[title size=”1″ sep_color=”#b5be35″]How We Test for Enzyme Activity[/title]
IMG_1353Hallelujah Diet’s Research Director Michael Donaldson, PhD, employed a specific method of testing that has been used in biochemistry labs for decades. When it comes to testing for enzyme activity in health products, this approach provides accurate information about the quality of our foods and supplements.

Understanding how enzymes interact with molecules

All enzymes interact with a molecule or compound and produce a change to create a product.

Enzymes work in various ways: They split apart a molecule (like a digestive enzyme breaking down starch), combine two molecules (like DNA polymerase) or add a small group of atoms to a molecule, among many other reactions. Many of these reactions proceed extremely slowly without enzymes present.
When enzymes are present, they dramatically speed up the rate at which the reactions occur.

Preparing the perfect environment for testing

The molecule that the enzyme interacts with is called the substrate. To test enzymes in the lab, we had to provide a substrate, the right chemical environment for the reaction to take place (optimal pH, optimal temperature and the presence of needed minerals, salts or other cofactors for the reaction) as well as a way to measure the product of their action.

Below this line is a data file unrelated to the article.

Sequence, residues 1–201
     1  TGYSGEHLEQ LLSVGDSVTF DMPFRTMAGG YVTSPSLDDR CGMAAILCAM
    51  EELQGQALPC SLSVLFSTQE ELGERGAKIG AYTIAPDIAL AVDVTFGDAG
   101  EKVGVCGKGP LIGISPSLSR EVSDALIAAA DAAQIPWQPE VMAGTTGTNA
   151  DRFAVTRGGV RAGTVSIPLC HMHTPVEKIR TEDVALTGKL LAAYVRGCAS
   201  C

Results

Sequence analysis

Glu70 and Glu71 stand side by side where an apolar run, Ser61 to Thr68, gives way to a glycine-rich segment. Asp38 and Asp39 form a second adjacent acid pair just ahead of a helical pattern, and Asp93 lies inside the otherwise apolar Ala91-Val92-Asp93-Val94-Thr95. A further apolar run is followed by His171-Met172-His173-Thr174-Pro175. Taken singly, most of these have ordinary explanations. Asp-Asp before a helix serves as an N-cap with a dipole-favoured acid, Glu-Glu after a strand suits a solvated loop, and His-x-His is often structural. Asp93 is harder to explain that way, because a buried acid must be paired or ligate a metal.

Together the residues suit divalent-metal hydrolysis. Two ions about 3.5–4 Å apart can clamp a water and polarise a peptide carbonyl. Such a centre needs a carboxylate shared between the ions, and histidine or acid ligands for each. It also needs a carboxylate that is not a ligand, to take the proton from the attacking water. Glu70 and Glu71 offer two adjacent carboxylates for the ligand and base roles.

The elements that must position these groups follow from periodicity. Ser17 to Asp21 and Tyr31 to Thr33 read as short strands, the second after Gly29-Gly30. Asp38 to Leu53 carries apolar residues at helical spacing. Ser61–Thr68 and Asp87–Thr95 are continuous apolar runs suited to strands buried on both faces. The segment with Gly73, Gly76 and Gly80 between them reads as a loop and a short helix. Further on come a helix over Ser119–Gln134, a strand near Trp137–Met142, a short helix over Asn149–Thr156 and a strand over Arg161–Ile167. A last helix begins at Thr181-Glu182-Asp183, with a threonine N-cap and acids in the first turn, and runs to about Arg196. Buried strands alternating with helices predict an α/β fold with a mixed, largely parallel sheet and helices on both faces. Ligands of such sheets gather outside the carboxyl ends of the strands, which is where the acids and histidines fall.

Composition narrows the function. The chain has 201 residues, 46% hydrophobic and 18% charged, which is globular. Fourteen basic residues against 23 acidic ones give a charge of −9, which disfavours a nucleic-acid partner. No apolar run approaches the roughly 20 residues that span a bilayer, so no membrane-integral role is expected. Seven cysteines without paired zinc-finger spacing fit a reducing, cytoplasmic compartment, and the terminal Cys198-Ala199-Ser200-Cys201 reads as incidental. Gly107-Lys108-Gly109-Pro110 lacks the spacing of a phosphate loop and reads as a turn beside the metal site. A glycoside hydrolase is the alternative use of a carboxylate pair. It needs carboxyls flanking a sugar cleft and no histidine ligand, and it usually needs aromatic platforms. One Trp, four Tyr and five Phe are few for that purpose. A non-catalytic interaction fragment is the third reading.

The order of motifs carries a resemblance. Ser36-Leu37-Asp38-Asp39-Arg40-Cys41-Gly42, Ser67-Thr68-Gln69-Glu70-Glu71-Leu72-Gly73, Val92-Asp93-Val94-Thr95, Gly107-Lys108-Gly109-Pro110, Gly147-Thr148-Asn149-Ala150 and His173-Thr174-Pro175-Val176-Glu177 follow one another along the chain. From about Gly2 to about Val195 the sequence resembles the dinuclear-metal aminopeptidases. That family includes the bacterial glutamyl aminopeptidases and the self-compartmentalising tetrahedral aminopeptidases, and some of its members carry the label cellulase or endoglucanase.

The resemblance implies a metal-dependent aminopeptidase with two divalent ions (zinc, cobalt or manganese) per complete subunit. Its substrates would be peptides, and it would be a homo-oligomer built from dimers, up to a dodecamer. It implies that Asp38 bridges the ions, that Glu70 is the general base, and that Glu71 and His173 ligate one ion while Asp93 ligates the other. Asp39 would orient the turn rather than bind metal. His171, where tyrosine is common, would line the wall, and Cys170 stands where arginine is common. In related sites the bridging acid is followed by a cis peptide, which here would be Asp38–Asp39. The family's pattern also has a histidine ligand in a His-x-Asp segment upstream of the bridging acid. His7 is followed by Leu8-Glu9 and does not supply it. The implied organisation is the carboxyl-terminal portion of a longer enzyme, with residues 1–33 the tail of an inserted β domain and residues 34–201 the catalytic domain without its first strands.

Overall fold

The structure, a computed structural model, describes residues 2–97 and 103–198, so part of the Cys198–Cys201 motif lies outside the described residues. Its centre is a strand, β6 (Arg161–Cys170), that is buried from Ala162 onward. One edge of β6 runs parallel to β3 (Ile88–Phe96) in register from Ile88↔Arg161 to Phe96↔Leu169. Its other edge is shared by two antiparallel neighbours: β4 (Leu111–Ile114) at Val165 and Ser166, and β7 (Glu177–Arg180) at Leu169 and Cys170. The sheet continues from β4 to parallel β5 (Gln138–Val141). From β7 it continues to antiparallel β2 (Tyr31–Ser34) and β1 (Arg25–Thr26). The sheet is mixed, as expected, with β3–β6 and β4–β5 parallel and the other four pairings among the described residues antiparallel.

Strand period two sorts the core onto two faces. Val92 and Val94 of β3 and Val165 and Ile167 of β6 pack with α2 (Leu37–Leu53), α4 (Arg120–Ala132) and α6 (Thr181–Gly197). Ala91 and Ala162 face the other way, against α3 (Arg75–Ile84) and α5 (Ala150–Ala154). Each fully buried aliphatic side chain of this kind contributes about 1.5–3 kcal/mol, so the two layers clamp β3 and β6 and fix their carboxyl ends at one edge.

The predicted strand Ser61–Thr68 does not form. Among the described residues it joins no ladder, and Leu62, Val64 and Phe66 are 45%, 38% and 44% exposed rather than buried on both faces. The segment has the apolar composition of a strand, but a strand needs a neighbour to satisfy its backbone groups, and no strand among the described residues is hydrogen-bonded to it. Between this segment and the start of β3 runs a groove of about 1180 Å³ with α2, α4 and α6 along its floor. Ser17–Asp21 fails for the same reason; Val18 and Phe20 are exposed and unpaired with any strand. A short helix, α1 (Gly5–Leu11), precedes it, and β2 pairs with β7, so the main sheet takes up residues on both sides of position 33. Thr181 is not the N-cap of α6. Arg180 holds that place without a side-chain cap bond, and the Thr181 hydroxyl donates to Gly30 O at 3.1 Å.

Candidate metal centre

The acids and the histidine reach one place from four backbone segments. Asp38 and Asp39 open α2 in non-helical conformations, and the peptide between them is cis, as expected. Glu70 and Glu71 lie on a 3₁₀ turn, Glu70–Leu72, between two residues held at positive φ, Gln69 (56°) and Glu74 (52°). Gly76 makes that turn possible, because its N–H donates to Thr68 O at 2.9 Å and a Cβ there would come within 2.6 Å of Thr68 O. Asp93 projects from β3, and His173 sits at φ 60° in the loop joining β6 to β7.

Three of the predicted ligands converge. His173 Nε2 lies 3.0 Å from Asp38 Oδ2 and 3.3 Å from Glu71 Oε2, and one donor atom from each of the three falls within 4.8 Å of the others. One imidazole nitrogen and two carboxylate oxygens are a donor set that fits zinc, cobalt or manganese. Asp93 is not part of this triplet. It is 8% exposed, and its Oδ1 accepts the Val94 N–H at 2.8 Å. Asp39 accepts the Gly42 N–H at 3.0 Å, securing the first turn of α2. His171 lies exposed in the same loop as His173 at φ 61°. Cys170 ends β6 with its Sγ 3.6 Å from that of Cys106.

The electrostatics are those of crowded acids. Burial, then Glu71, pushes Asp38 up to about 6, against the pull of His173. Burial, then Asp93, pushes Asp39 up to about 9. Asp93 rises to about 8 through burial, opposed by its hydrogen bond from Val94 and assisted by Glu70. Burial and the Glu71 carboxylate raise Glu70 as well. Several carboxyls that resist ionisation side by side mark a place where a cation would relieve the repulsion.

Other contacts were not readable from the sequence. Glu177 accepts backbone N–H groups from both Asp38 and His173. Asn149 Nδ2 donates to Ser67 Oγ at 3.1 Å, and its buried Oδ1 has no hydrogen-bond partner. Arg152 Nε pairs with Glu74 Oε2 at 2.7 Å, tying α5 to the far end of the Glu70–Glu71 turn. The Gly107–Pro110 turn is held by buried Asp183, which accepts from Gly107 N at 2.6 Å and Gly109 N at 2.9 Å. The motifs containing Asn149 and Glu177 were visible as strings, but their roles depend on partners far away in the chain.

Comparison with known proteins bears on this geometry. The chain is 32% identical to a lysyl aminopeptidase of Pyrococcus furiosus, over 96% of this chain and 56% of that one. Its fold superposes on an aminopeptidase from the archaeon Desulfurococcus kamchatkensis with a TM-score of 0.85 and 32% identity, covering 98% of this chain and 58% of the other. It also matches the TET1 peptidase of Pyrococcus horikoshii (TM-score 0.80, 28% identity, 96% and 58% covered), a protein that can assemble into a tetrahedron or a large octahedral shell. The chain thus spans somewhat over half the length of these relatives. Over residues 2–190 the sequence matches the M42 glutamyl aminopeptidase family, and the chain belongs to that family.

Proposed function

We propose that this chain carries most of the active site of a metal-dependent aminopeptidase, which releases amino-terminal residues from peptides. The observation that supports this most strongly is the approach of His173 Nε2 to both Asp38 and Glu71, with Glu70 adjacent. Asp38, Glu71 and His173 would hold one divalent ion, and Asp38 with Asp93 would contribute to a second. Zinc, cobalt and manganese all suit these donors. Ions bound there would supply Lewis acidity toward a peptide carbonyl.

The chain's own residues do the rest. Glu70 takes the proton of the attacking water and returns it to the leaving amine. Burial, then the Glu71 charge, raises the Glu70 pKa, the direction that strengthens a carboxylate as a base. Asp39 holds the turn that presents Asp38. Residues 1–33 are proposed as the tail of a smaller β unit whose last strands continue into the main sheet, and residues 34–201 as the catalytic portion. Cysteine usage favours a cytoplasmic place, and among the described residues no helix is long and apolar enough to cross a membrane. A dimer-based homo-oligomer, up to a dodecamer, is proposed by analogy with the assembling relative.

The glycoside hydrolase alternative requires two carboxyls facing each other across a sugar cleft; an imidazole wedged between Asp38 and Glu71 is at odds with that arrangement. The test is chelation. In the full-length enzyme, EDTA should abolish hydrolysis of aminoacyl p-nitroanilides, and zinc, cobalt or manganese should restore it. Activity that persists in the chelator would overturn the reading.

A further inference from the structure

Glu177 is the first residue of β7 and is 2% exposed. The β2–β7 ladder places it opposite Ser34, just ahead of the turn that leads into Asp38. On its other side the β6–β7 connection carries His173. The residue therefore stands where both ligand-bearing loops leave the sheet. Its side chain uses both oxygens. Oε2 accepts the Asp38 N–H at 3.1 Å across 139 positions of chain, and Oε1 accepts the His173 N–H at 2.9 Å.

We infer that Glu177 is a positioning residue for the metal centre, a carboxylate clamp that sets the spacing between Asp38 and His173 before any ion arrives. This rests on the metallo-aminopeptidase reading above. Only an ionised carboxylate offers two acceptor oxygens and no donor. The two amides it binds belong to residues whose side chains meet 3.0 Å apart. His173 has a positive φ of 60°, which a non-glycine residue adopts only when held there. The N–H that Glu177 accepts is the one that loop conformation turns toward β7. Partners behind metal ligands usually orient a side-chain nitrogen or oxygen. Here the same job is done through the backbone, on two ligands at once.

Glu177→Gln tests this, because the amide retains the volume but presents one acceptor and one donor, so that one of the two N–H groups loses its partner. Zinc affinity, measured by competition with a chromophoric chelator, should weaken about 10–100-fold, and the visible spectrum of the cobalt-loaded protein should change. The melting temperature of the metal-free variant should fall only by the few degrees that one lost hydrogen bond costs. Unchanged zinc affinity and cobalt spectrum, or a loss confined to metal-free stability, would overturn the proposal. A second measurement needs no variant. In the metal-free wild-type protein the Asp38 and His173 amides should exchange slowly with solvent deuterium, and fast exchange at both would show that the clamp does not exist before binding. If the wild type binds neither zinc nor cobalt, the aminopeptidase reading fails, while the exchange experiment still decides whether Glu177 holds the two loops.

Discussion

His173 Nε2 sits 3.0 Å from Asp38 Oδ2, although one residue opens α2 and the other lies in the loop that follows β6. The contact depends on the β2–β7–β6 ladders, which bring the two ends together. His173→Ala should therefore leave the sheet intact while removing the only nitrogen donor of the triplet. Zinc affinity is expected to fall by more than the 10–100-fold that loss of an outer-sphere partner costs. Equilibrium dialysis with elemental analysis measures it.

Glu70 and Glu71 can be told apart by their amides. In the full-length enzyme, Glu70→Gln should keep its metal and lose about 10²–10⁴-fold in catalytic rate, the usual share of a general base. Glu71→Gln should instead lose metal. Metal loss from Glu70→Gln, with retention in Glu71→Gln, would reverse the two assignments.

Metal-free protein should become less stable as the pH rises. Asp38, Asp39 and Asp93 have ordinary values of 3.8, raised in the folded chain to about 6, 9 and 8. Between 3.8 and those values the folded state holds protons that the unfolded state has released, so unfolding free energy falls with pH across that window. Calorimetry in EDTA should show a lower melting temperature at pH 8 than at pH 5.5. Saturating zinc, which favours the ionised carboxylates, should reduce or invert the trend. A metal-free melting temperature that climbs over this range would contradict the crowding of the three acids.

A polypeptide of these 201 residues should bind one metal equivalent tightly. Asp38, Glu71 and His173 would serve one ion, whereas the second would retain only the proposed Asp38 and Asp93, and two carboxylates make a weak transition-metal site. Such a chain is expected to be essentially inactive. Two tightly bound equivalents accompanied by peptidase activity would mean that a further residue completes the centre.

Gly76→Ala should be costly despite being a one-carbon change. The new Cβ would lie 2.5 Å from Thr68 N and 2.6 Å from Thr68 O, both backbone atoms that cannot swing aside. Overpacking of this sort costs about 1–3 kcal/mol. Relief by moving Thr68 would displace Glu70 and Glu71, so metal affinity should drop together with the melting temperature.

For the enzymes we test in foods, there are substrates available that release a yellow color (a nitrophenol or nitroaniline) when they are cleaved by their specific enzyme. The yellow color can then be quantitatively measured by a visible light spectrometer.

To test seven foods for seven assays simultaneously, these assays were done in 96-well plates. Each reaction occurs in a small well with a volume of about 450 µl, or about 0.5 ml (1/10 of a teaspoon). Each enzyme assay takes one 96-well plate.

[title size=”1″ sep_color=”#b5be35″]Our step-by-step procedure to test enzymatic activity[/title]



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